I shake my head thinking it’s already been four years, but Microsoft Outlook reminded me the other day that it was time to convert my temporary residency over to permanent status!
The process was the same, and different. First I went to the INM website to see what I’d need to bring with me. I copied my passport and my temporary residency card. Then I filled out the online form and printed it. I also printed a copy of my RFC and my CURP – just in case. I know each office wants slightly different things and I was going to be prepared! Oh, and I went to the bank and took out the maximum daily withdrawal of pesos from the ATM so I could do it again the next day and have enough to pay the INM fees.
Tuesday morning I set out around 8:30 am. Immigration offices open at 9:00 am, so I thought this would be enough time to stop at Hogla’s (yes, it’s Hogla, at least that’s what her sign says) tienda where she gets paperwork ready for you for just $500 pesos. I’ve tried doing things without Hogla’s help, and INM always makes me go to her, even though my paperwork is complete. I have no further comments on that. But this time she was BUSY! There were five or six people ahead of me, and that meant that I didn’t get to the INM office until 11:15 am. I was number 20 – things were not looking good for getting things done in one day!
The INM offices have been updated! Wow! New windows! New paint inside! Screens that drop from the ceiling so they have a nice background – because THEY take your picture now, they don’t have you bring them! And … wait for it … they accept debit/credit cards!!!! No more bank runs in the middle of the process! They have also hired more staff – there were two additional people assisting us (never more than two employees at a time, but there was a gentleman who worked until the woman who’s been there ever since I’ve been going there came in to take over).
At 4:15 pm my number was called! Wooo!! Went to the window. Gave them my packet of paperwork prepared by Hogla, along with my passport and temporary residency card; and then paid my fees (currently $1,632.00 processing fee and $6,226.00 for the residency). They told me to have a seat and they’d call me back up. Waited 30 minutes then signed some papers, and they gave me a piece of paper with some information on it. They said that their cameras weren’t working and to come back on Friday. They’d told a few people before me to come back on Thursday – so I figured they told me Friday to spread things out. It was 4:45 pm when I walked out the door. No coffee or food all day – so I Whatsapp’d an order for Chinese food and picked it up on the way home!
Friday. 8:15 am. One of the couples that was there on Tuesday were waiting at the door. They’d been told Thursday. This was the Thursday that Ovidio Guzmán was captured in Culiacán. INM had ushered everyone out of the office and closed up shop because of the gang violence in the state of Sinaloa. So, Friday I was number two.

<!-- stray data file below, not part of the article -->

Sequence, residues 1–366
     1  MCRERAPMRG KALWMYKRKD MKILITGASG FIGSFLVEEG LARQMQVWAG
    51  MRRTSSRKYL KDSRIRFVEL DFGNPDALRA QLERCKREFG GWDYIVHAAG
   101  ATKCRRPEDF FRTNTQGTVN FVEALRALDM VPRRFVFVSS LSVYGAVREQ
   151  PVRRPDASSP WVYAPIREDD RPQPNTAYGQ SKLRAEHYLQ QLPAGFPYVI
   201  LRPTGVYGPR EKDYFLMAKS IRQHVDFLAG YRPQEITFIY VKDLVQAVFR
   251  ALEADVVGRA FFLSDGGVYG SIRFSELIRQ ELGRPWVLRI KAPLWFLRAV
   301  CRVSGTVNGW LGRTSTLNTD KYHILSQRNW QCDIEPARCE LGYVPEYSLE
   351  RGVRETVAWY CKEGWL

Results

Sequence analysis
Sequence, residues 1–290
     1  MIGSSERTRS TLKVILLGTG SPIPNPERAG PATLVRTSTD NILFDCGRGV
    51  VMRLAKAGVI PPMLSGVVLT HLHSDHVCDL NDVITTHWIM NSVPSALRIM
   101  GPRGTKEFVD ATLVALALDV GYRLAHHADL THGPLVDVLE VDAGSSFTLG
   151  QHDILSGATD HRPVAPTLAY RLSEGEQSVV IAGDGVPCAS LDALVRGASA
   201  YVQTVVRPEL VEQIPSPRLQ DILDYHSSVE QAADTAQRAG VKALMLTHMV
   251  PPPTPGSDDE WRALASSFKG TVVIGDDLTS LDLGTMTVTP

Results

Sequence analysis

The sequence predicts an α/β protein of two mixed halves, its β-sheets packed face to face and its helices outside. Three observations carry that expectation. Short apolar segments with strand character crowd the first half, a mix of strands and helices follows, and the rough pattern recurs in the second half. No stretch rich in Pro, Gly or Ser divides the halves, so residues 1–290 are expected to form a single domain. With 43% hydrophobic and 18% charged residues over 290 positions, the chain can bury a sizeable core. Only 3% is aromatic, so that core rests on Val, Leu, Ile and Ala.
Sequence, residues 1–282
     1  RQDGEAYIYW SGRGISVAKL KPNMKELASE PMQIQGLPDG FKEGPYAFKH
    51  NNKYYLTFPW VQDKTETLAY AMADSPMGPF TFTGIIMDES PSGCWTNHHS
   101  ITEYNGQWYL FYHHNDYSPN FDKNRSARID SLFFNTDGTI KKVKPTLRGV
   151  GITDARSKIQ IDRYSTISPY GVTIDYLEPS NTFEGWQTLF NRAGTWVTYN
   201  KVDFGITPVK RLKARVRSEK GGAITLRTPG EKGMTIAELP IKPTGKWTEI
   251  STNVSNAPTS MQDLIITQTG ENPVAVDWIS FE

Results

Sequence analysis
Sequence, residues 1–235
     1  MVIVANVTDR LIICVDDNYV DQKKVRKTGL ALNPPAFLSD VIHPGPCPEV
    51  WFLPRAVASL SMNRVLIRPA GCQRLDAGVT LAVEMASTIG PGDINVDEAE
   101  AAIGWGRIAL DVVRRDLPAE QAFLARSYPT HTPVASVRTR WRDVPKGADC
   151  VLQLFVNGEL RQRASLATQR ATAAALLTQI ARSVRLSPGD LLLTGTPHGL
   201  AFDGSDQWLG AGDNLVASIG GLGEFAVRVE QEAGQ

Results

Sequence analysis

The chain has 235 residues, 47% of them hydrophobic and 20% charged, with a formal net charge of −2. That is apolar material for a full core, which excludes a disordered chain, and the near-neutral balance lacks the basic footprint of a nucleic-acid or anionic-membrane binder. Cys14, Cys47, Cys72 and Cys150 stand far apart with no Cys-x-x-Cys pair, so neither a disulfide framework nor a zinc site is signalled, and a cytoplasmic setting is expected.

Around 10:30 am they started calling numbers. When they called me I handed them the page with info they’d given me on Tuesday. Almost 11:00 am they called me back up. Took three photos – one from the front, and one from each side. Then they took my fingerprints. Right hand 4 fingers, left hand 4 fingers, and both thumbs. At 11:10 am they gave me my permanent residency card and asked me to verify everything was correct! It was, and I was out the door at 11:15 am – hopefully never to return again!!!
I’m going to say that this was so much easier than the last time when I renewed for three years; and immensely easier than the initial visit to get my temporary residency card. Just the ability to pay at the office saves so much time – not to mention that they print the cards right there now and you don’t have to wait the 6 to 8 weeks I did previously.
One final note … when I was there on Tuesday a gentleman came in and went up to the windows. It was evident he’d been there previously and was trying to get residency. The clerk was telling him he needed to bring in his FMM and he kept yelling at them that they hadn’t given him one at the airport. Then the clerk would say ‘online’, and he’d yell at them again that they didn’t give him one at the airport. First, NEVER yell at the person who has this much control over your life. NEVER do it to anyone who is just there to help you – but especially not if they can deport your ass. Second, she was trying to tell him that he could print it online, but he wasn’t listening. Yes, there are no more printed FMM’s at most of the airports in México. That doesn’t mean the information isn’t in their computer system for you to print. It is. Here is a link to a Youtube video that will tell you how to print yours if you need to. And you WILL need to if you are applying for residency: https://youtu.be/w6YOjYj8W0Q .
You must log in to post a comment.